Buzz Martin: Where There Walks a Logger There Walks a Man (Ripchord Records, 1968)


“If you want a real experience and care to test your luck, just go out and buy yourself a used logging truck…” is the how this strange, but extremely heartfelt album begins.  It offers a sneak peak into a profession that very few know about. Even if you think you do, there is always more to learn about, especially the lexicon used by the loggers, particuraly from the Washington state area. Buzz illuminates each song to life through story. His tunes provide just enough detail and clever phrasing that one can picture theirself being a part of the event (even if it’s just from a casual observer’s point of view).  These songs don’t feature an overtly machismo attitude, yet rather a suprising humbleness that makes this lp a repeat listener.

Have you ever bought something used and felf buyer’s remorse? The first tune on Buzz’s album is a story about the dangers of buying a used logging truck, yet the freedom associated with doing it your way, as well as the reminiscence about the good times with your used rig when it was working properly.

Whistle Punk Pete, is about a guy that really wanted to be a hook tender and head rigger in the worst way. Unfortunately, he wasn’t built for it. Pete eventually finds self realization through marrying Myrtle, when she asks him to hook up her girdle. Only then does he declare he’s a hook tender after all!

Where There Walks a Logger, is the title track with a nice C&W style chorus with steel guitar, and like Buzz’s other compositions, tell a humorous story about how the dangers of logging  which can lead to death, yet it is a proud profession. Hearing this tune will  transplant the listener  to a back-woods bar juke box–sipping cheap beer and inhaling copious ammounts of cigarette smoke, while at the same time, on will be able to smell the bacon frying and the coffee lingering in the air.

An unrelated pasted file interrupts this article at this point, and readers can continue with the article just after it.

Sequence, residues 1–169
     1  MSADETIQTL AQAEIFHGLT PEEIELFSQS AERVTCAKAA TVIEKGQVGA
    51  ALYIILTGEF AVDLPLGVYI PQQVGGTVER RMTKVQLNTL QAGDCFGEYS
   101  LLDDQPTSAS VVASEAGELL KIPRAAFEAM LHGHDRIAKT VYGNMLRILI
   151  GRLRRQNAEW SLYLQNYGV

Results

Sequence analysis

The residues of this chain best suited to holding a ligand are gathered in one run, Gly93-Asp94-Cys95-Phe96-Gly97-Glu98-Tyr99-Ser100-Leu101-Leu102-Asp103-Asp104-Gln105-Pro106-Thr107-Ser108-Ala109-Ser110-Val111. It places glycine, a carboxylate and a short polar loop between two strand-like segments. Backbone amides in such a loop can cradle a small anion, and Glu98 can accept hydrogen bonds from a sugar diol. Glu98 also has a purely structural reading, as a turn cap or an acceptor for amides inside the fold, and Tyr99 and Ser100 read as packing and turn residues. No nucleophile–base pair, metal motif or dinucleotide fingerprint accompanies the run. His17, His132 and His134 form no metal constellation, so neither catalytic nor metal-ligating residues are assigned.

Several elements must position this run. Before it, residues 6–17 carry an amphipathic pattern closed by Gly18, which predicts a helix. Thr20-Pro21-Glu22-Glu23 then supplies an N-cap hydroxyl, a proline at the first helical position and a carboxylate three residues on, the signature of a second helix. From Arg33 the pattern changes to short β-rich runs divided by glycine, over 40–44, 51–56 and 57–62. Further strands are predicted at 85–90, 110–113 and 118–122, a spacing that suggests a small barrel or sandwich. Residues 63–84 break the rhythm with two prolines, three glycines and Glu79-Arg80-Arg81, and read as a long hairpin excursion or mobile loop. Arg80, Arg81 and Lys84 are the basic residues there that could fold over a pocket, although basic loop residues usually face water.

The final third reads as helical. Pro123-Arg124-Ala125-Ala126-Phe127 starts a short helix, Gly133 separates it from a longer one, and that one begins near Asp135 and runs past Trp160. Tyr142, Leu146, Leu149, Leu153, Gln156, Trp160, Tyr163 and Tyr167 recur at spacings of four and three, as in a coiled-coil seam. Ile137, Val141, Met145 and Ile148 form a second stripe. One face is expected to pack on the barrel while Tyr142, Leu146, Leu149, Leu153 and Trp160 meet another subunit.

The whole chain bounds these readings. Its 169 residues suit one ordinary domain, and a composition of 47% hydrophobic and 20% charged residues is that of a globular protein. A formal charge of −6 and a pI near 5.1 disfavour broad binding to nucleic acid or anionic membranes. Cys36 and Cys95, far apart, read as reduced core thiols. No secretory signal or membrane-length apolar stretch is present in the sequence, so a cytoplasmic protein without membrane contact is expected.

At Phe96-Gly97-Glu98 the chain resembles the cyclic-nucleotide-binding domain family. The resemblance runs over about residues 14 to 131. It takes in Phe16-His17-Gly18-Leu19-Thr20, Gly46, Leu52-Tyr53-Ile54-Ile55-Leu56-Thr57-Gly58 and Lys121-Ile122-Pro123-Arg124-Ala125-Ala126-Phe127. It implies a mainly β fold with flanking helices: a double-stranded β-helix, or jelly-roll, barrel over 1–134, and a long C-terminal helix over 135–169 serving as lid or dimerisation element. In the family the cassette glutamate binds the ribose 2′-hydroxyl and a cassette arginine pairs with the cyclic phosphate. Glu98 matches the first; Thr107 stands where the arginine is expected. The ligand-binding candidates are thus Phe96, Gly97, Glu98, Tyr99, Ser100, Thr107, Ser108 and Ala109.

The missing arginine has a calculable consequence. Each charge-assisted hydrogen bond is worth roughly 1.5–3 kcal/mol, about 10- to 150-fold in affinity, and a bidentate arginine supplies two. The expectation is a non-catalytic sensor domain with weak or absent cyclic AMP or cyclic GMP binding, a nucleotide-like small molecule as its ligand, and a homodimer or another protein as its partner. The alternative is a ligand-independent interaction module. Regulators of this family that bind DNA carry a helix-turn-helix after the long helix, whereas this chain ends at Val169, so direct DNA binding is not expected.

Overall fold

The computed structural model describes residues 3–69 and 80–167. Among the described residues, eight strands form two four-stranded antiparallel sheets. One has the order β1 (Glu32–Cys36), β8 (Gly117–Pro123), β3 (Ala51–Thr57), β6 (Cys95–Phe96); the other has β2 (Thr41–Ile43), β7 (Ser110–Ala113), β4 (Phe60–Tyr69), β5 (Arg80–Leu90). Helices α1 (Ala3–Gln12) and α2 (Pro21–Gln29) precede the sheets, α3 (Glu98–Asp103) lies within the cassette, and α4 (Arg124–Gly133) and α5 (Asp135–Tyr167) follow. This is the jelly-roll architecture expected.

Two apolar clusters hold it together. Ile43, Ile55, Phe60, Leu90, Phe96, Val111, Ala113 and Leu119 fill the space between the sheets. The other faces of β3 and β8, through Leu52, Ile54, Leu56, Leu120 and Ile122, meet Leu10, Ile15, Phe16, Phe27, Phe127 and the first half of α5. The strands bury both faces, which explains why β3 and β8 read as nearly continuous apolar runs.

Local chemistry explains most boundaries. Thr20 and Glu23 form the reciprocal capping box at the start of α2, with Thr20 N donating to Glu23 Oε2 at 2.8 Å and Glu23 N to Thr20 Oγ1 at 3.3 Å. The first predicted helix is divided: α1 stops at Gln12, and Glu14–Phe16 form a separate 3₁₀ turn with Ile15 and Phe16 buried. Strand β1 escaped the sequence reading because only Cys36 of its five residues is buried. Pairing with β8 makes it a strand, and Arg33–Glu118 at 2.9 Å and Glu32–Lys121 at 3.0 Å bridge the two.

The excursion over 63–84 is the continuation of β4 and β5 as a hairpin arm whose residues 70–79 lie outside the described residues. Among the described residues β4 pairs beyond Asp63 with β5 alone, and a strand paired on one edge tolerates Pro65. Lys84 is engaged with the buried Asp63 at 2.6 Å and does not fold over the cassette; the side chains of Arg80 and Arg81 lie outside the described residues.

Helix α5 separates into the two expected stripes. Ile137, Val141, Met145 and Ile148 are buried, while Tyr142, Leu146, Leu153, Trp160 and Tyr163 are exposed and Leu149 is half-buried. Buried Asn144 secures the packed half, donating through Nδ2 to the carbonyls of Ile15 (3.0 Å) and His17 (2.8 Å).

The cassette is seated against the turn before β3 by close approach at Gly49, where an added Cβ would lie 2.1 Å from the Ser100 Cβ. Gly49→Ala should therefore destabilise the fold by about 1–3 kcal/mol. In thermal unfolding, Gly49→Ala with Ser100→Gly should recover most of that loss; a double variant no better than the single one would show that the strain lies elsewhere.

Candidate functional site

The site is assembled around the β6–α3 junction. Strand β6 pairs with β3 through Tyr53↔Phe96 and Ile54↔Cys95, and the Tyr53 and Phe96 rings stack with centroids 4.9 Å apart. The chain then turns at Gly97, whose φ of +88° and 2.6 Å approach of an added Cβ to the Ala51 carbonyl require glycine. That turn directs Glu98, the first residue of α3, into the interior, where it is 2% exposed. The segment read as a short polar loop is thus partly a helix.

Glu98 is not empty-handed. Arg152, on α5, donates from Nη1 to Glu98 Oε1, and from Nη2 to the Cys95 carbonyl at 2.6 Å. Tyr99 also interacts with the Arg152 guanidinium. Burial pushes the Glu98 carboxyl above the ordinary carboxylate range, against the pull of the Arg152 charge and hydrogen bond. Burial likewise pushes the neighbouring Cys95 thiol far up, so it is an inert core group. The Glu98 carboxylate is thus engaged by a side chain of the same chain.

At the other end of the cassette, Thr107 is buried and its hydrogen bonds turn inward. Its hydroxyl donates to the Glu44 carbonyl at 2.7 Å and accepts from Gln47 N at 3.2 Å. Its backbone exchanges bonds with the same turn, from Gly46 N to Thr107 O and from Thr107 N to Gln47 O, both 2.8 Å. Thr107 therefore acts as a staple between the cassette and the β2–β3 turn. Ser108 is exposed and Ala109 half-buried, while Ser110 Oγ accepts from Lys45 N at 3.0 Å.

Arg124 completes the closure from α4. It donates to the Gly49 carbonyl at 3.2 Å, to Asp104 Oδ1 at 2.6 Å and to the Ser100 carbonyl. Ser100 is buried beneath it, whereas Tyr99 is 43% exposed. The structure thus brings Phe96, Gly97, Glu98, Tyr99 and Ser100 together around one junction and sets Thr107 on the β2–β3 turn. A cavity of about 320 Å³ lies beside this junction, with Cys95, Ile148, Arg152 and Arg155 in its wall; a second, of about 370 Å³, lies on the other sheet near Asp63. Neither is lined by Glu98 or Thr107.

Sick of Setting Chokers, is a story about a guy who ventured up from the south yet feeling  dissolutioned from climbing the steep hill sides, to setting chokers, as well as getting dirty, feeling homesick, and complaing of having to work in the never ending Washington rain.

Fire Danger is a song about shutting down a logging operation because of a danger of fire, although more about the egos of big shot college grads citing pages from a handbook explaining why.

Unemployment Compensation, focuses on a logger not being able to log until the ground is stable again, and the aggravation of having to draw unemployment instead of being able to do what the men in that part of the country love best–logging.

Hoot Owlin’ Again, refers to being excited about having good weather to work in (who doesn’t like that if they work out doors?), instead of the usual rain associated with Washington state area , and of course celebrating in the taverns afterwards.

Loggers Home Brew, tells the story about drinking too much of his buddies home brew (not brewed in the most sanitary of conditions) and waking up with a banger of a hangover, yet eventually becoming hooked on the home brew and craving more and more.

Frozen Logger, is centered around a 40 year old bar maid meeting a logger, who reminds her of her recently passed logger husband. They have eyes for each other probably through the abundant whiskey, embrace. He eventually goes on his way, forgetting his mackinaw. Despite the dropping temperature, he saunters home without a care. As the mercury continues to drop, he buttons up his vest, only eventually freezing to death at a million degrees below zero.

Little Olde Model A,  was a standard vehicle of almost every old time logger. Buzz is proud of his Model A, and aparently his ladies love dhis little olde Model A as well, especially when running out of gas on a back road after dusk.

Although you can probably find a copy of this album on the Internet, most have been played past their life expectancies on cheap decks. I’m fairly certain that the average logger didn’t have a Fairchild or even a Gerrard turntable. Heck, even the cd that is out there sounds like it was recorded from a LP as there are some deep scratches prevailent in the recording. I’m not sure if the master tapes exist for this, but this is really an outsider gem of a record celebrating the highs and lows of the logging sub-culture, and deserves to be rediscovered again and available to a larger audience.

A vinyl reissue I’m sure would make Buzz smile down from heaven to know that his work wil be still appreciated for generations to come.

Spotify does have the cd. You can listen to it HERE.

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